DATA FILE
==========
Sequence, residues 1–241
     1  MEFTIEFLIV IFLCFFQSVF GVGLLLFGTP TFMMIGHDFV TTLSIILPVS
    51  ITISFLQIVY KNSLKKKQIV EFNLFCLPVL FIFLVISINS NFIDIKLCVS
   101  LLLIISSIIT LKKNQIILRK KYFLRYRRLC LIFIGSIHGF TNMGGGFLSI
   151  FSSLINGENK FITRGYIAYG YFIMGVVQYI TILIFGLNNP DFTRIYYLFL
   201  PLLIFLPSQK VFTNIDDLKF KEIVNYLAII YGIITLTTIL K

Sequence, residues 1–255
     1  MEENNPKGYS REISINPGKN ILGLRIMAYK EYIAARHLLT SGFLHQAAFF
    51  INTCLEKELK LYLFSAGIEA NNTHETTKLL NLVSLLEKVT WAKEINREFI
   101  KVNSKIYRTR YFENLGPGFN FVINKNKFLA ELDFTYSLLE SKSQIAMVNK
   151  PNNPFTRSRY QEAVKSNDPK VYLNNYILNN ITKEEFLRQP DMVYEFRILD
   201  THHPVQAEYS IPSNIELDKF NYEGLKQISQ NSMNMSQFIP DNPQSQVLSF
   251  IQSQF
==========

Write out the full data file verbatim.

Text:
Sequence, residues 1–241
     1  MEFTIEFLIV IFLCFFQSVF GVGLLLFGTP TFMMIGHDFV TTLSIILPVS
    51  ITISFLQIVY KNSLKKKQIV EFNLFCLPVL FIFLVISINS NFIDIKLCVS
   101  LLLIISSIIT LKKNQIILRK KYFLRYRRLC LIFIGSIHGF TNMGGGFLSI
   151  FSSLINGENK FITRGYIAYG YFIMGVVQYI TILIFGLNNP DFTRIYYLFL
   201  PLLIFLPSQK VFTNIDDLKF KEIVNYLAII YGIITLTTIL K

Sequence, residues 1–255
     1  MEENNPKGYS REISINPGKN ILGLRIMAYK EYIAARHLLT SGFLHQAAFF
    51  INTCLEKELK LYLFSAGIEA NNTHETTKLL NLVSLLEKVT WAKEINREFI
   101  KVNSKIYRTR YFENLGPGFN FVINKNKFLA ELDFTYSLLE SKSQIAMVNK
   151  PNNPFTRSRY QEAVKSNDPK VYLNNYILNN ITKEEFLRQP DMVYEFRILD
   201  THHPVQAEYS IPSNIELDKF NYEGLKQISQ NSMNMSQFIP DNPQSQVLSF
   251  IQSQF